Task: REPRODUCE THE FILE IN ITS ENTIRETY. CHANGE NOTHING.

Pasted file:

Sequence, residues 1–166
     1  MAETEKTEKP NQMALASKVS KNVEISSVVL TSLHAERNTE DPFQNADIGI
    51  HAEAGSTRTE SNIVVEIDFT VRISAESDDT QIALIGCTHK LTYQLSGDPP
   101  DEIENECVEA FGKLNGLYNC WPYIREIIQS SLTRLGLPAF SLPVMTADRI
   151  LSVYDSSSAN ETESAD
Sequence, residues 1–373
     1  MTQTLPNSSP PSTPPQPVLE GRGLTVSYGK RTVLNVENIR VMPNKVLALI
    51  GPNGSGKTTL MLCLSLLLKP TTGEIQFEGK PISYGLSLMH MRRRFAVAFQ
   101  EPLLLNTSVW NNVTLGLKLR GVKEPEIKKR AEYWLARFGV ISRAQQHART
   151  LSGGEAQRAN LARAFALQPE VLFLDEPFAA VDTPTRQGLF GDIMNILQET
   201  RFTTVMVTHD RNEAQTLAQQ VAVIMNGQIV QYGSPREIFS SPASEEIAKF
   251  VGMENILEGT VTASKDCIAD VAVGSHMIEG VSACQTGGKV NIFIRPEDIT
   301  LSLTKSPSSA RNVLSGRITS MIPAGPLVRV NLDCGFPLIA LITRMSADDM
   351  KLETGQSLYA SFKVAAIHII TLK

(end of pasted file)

Sequence, residues 1–166
     1  MAETEKTEKP NQMALASKVS KNVEISSVVL TSLHAERNTE DPFQNADIGI
    51  HAEAGSTRTE SNIVVEIDFT VRISAESDDT QIALIGCTHK LTYQLSGDPP
   101  DEIENECVEA FGKLNGLYNC WPYIREIIQS SLTRLGLPAF SLPVMTADRI
   151  LSVYDSSSAN ETESAD
Sequence, residues 1–373
     1  MTQTLPNSSP PSTPPQPVLE GRGLTVSYGK RTVLNVENIR VMPNKVLALI
    51  GPNGSGKTTL MLCLSLLLKP TTGEIQFEGK PISYGLSLMH MRRRFAVAFQ
   101  EPLLLNTSVW NNVTLGLKLR GVKEPEIKKR AEYWLARFGV ISRAQQHART
   151  LSGGEAQRAN LARAFALQPE VLFLDEPFAA VDTPTRQGLF GDIMNILQET
   201  RFTTVMVTHD RNEAQTLAQQ VAVIMNGQIV QYGSPREIFS SPASEEIAKF
   251  VGMENILEGT VTASKDCIAD VAVGSHMIEG VSACQTGGKV NIFIRPEDIT
   301  LSLTKSPSSA RNVLSGRITS MIPAGPLVRV NLDCGFPLIA LITRMSADDM
   351  KLETGQSLYA SFKVAAIHII TLK